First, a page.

Caleb first reminds Joshua of the word the LORD has spoken to Moses about him (Jos 14:7). Then he recalls that Moses, in accordance with what the LORD has said, has promised him an inheritance as a reward for his faithfulness (Jos 14:9; Deu 1:36). For Caleb, all these are not empty words. He is now going to claim what has been promised to him. This is language to the heart of the LORD.

Caleb means ‘wholeheartedly’. That’s how he did everything and that’s how he still does it. Nor should we be lukewarm Christians. He recounts how he did it, forty-five years ago, when he was sent out to spy out the land and his co-spies had melted the hearts of the people. He has remained devoted to his mission with all his heart (Jos 14:8). Moses has confirmed that he has followed the LORD completely (Jos 14:9). That dedication is still there when he stands here before Joshua. Because of this dedication he receives Hebron (Jos 14:14).

Caleb is mentioned many times together with Joshua. All those who are so dedicated are also always united with the true Joshua, the Lord Jesus, and mentioned in one breath with Him. Joshua is also a picture of the leader. The connection between Joshua and Caleb also shows the combination of dedicated leadership in the church. Leader of the people is he who has taken possession of the blessings through battle and lives in heavenly things. It is not a question of a strong personality, of reasoning talent or organizational ability, but of dedication to and connectedness with the Lord Jesus.

Caleb has perseverance. He has seen many people fall in the wilderness. All of his age have died. He is an exception, together with Joshua. He is now an old man, but not tired of days. It will not always have been easy for him to wait, but he has lived by the word the LORD has spoken. God’s Word has worked in him perseverance and the confidence that God is working for him (Isa 64:4). Now he still has to persevere because he doesn’t have it yet. He has yet to conquer it. But he confidently declares that he will succeed.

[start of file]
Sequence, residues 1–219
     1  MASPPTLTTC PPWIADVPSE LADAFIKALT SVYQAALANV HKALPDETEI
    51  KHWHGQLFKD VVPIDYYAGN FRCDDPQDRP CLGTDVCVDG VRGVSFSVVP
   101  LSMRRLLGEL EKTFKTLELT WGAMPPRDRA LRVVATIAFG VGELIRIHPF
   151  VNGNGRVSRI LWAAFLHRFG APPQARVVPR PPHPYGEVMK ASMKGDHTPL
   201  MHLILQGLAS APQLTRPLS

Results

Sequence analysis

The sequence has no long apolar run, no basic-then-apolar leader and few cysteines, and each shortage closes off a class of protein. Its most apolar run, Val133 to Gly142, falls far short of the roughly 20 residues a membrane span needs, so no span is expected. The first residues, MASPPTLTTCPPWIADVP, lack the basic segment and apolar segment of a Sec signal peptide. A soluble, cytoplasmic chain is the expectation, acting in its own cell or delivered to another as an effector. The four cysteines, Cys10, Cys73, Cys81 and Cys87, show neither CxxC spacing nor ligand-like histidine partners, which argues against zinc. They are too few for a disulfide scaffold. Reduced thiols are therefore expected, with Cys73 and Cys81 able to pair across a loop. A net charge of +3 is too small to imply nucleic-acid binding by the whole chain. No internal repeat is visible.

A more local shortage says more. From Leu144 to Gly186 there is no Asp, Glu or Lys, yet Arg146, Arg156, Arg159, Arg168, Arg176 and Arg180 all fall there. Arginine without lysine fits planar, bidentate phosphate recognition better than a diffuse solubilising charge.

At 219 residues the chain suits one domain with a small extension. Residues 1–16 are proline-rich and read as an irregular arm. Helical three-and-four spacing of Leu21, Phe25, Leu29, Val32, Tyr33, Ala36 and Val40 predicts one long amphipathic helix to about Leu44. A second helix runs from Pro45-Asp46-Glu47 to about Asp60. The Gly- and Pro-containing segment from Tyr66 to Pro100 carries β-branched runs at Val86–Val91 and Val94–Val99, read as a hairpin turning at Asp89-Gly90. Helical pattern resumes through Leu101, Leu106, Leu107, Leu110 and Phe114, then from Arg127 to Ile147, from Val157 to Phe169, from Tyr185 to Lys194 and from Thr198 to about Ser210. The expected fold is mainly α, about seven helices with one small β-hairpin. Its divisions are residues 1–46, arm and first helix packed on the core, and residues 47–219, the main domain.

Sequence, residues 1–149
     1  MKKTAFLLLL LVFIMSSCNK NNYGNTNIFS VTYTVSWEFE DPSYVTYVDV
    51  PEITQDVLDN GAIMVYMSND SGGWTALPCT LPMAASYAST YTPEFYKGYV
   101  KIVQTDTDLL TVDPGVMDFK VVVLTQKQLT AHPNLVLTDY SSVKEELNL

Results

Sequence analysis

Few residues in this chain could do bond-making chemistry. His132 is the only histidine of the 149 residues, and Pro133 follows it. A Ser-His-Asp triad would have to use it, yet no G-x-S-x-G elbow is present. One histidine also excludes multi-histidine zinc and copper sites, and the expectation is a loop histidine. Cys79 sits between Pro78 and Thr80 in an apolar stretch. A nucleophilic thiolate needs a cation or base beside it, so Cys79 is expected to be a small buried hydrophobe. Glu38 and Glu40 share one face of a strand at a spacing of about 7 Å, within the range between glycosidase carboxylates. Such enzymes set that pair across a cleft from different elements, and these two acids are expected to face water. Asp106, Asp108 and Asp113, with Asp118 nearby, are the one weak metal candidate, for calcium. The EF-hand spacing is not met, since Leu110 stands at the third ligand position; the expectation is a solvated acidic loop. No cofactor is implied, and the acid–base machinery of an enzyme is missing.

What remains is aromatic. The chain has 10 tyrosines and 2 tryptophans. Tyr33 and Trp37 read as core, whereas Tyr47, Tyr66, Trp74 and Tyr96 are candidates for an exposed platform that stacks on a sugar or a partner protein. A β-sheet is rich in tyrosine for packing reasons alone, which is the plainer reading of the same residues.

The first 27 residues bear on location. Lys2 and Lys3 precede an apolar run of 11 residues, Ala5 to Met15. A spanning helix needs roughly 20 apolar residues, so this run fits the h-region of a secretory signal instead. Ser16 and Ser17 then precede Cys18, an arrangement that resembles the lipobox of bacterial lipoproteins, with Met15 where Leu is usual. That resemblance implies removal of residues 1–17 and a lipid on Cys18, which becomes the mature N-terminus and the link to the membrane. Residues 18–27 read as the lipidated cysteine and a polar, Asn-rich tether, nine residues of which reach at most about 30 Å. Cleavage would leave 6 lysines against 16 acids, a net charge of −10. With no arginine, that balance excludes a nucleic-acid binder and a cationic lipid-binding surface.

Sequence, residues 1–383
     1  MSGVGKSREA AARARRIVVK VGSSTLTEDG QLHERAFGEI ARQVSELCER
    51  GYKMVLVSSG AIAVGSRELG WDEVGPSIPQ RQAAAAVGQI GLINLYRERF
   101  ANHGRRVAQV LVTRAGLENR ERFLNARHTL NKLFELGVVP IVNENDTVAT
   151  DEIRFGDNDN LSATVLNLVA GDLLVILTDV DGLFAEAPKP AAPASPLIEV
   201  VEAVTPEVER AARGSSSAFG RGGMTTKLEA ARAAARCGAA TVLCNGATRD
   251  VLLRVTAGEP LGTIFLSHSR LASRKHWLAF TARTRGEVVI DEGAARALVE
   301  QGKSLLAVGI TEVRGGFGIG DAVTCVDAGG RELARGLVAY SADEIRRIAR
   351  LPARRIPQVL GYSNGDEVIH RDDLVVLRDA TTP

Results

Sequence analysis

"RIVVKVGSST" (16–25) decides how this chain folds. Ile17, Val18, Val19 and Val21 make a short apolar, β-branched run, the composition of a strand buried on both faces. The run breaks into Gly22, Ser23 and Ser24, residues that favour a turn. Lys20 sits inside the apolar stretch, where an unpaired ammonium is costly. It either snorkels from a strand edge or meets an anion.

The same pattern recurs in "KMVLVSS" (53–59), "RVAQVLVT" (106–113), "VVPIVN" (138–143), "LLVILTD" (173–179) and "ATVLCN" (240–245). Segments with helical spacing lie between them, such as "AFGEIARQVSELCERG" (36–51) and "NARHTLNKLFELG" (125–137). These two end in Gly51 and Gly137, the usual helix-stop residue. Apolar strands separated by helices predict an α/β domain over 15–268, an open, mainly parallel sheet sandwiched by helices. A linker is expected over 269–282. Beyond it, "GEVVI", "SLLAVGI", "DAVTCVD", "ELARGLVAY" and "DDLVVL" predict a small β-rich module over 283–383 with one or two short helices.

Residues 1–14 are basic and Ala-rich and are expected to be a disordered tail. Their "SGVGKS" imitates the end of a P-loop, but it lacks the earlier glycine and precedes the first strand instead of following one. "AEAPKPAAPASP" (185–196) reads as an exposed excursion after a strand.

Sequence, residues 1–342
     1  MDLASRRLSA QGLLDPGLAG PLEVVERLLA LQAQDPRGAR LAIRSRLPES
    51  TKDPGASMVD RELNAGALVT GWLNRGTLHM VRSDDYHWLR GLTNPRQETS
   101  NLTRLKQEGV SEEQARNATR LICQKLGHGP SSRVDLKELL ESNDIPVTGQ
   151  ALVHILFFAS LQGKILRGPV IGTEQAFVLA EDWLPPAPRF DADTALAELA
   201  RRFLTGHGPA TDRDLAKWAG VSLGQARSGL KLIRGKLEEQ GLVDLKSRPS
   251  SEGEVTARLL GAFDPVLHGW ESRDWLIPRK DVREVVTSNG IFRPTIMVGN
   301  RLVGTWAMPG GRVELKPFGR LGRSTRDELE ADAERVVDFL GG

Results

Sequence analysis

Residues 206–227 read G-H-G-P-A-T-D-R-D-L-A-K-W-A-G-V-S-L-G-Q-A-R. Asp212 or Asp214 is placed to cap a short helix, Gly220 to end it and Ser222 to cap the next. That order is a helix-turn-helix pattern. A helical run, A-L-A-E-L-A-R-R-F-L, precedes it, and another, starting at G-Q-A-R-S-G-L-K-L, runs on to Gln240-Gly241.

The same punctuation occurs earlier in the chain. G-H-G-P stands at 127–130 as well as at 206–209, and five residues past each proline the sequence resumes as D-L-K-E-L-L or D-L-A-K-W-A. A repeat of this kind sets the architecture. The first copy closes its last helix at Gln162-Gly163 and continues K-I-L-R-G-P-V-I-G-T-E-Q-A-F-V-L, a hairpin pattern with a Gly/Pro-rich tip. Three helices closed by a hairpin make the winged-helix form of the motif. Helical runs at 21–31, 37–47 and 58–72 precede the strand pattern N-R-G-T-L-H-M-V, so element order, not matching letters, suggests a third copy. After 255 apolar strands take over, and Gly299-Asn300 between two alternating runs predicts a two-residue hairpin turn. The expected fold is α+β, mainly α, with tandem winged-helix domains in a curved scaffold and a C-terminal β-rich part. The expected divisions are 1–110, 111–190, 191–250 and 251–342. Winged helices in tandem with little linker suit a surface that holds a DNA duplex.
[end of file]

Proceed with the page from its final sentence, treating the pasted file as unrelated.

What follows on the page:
He wants the territory with giants and fortified cities. He sees the reality, it is not proudness. But he counts on the faithfulness of the LORD. In modesty, he speaks of “perhaps” (Jos 14:12). He does not count on his own strength, however strong he feels, but on the LORD. But if therefore the LORD is with him, there is no doubt whatsoever about the outcome with him.

Caleb is not haughty. Pride is a danger that increases as the years go by. The warning “For all that is in the world, the lust of the flesh and the lust of the eyes and the boastful pride of life, is not from the Father, but is from the world” (1Jn 2:16) is addressed to young people in faith. But although these three dangers are especially true for the young men, a broader application is certainly permitted.

It is dangerous to say that others have nothing to do with what is special for a particular stage of growth. Fathers and children in faith should also take to heart the warning to the young men. In connection with the phases of spiritual growth which John speaks about in his first letter – little children, young men and fathers (1Jn 2:12-18) – we can say the following: for the little children of faith, “the desire of the flesh” is particularly dangerous; for the young men, it is “the desire of the eyes”; and for the fathers in Christ, the adult believers, it is the “pride of life”.

Verses 13-15

Caleb Obtains Hebron


As always we see the complete unity between what Moses has said and what Joshua does. Joshua acts entirely according to what the LORD and Moses have said, and gives Hebron to Caleb as an inheritance. The origin of Hebron is strongly linked to death. There Sarah dies and there Abraham buries her (Gen 23:2; 19). It is the place that reminds us of the end of man. It is the city of death, the grave is there. Caleb is constantly reminded of this. Whatever giant there is (Arba = giant), it finds its end there.

But there is also the memory of a new man who lives in fellowship with the Lord Jesus – as said, Hebron means ‘fellowship’. Joseph was sent by his father from Hebron to seek his brothers (Gen 37:14). Thus the Lord Jesus was sent from the fellowship with the Father to the world. In Hebron David was crowned king by all the tribes of Israel (2Sam 5:3). There is also fellowship between the people of God and the Lord Jesus. Joseph and David are both a picture of the Lord Jesus.

In connection to Caleb’s request and the language of faith it shows, the chapter ends with the statement that the land had rest from war. Here the peace in the land is connected with the works of Caleb’s faith. This indicates that trusting the Lord, that He enables us to take possession of our blessings, gives rest.

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Kingcomments on the Whole Bible © 2021 Author: G. de Koning. All rights reserved. Used with the permission of the author
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Bibliographical Information
de Koning, Ger. Commentaar op Joshua 14". "Kingcomments on the Whole Bible". https://www.studylight.org/commentaries/eng/kng/joshua-14.html. 'Stichting Titus' / 'Stichting Uitgeverij Daniël', Zwolle, Nederland. 2021.